If work is slow and you need a good chunk of hours to meet your billable target or to be eligible for a bonus, what’s your best bet for boosting your billables? 

According to the 884 respondents to Tuesday’s survey, pro bono work.  About 68% of respondents say their firms give billable credit for at least some pro bono hours.  On the other hand, only 12% of respondents say that their firms count client/business development activities as billable time, although another 15% report that these hours may affect bonus decisions.

What are some of the other popular billable activities?

double red triangle arrows Continue reading “Career Center Survey Results: What Counts as Billable Time”

Ray Carey

You don’t see this everyday. Raymond Carey, a 57-year-old white male partner at Foley & Lardner, is suing the firm, alleging that it paid him less than it would have paid a “female, non-Caucasian, younger partner.”

Sadly, it appears the only evidence Carey has for his claims is that he wasn’t paid as much as he feels he was promised. That’s disappointing. When women, gays, or minorities make discrimination claims, there are usually juicy tidbits about inappropriate jokes and statements made to the alleged victim. But I just read through a 63-page complaint and there wasn’t a single alleged “cracker” joke. Apparently nobody at Foley told Carey he needed to show “more bulge.”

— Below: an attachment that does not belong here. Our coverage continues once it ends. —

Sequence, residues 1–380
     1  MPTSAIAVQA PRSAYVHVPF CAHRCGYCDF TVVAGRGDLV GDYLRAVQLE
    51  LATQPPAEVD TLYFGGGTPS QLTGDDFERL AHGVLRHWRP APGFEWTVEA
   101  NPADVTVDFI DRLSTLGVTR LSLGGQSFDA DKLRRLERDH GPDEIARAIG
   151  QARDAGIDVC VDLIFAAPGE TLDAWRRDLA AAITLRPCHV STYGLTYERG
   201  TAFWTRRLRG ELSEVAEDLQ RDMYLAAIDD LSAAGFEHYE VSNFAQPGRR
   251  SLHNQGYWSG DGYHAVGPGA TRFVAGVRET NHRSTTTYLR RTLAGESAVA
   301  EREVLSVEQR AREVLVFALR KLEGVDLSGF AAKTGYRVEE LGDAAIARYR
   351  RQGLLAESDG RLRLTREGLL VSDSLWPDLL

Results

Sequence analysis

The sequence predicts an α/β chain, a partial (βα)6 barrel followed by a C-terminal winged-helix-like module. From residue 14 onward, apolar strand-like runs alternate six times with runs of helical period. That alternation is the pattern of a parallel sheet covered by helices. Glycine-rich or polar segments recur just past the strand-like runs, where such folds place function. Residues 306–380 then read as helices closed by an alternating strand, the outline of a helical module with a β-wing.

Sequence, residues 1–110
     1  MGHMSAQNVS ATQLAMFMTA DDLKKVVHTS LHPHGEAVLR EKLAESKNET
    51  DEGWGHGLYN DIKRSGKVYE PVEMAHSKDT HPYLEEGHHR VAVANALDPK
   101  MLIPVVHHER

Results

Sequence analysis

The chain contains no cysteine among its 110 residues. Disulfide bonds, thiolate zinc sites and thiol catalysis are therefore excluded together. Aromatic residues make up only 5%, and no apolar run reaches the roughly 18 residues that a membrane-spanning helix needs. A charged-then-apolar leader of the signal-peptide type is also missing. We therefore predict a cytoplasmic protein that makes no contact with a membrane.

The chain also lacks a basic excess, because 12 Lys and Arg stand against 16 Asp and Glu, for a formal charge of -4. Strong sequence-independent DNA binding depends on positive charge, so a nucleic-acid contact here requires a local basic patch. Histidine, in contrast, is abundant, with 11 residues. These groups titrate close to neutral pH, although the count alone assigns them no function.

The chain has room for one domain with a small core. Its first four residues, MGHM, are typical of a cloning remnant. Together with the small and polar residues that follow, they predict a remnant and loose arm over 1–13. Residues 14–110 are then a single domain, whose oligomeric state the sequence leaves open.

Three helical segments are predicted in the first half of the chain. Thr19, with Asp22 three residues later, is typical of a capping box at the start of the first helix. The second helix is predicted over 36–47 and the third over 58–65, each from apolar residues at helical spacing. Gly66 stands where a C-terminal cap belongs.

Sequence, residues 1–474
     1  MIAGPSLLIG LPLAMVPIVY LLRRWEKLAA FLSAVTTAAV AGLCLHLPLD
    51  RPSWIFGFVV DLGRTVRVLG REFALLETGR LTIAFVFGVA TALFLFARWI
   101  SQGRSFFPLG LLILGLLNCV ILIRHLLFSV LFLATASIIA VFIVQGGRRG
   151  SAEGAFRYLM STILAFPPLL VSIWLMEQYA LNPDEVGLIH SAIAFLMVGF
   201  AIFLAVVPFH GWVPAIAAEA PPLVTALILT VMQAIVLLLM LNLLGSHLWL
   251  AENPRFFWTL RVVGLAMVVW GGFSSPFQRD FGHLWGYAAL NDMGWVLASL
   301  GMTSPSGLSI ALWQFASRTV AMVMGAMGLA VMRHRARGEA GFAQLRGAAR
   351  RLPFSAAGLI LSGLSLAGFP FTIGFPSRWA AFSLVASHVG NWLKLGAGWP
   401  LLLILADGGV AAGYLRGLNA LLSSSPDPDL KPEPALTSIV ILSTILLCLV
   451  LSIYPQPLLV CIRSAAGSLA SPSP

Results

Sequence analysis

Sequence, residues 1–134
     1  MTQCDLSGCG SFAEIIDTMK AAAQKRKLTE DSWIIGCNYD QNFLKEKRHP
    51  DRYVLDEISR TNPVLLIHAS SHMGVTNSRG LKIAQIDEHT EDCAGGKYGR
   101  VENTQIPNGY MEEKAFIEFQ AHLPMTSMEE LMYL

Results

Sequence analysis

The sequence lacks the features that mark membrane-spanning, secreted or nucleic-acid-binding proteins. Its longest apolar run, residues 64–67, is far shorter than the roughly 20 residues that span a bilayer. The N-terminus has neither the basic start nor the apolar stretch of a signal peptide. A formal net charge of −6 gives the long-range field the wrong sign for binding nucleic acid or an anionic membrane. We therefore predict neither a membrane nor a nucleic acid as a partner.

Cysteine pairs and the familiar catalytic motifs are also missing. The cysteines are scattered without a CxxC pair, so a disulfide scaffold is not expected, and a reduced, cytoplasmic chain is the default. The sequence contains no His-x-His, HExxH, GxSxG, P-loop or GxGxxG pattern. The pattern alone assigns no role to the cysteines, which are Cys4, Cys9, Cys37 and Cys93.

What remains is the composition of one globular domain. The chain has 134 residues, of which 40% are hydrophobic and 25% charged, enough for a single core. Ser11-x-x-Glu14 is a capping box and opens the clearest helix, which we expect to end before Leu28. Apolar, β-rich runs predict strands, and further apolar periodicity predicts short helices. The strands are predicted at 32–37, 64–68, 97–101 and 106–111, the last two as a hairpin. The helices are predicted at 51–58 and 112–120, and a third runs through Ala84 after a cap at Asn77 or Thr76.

But hey, if the brother’s not getting paid as much as other people in his office, maybe he has a point. And even if you don’t find the complaint particularly salacious, one of Carey’s attached exhibits is the Foley & Lardner partnership agreement….

double red triangle arrows Continue reading “Old White Man Sues Firm, Alleging Racial, Gender, and Age Discrimination”

Ed. note: This is the latest installment of Size Matters, one of Above the Law’s new columns for small-firm lawyers.

We all know that it is only a matter of time before we are replaced by computers. As Elie explained a few weeks ago, the legal community is already predicting how computers can do the work of junior associates. I guess we can breathe a momentary sigh of relief after Rep. Rush Holt showed Watson who is boss. But I personally have been preparing for this day since 1985, when I first learned about Vicki from Small Wonder.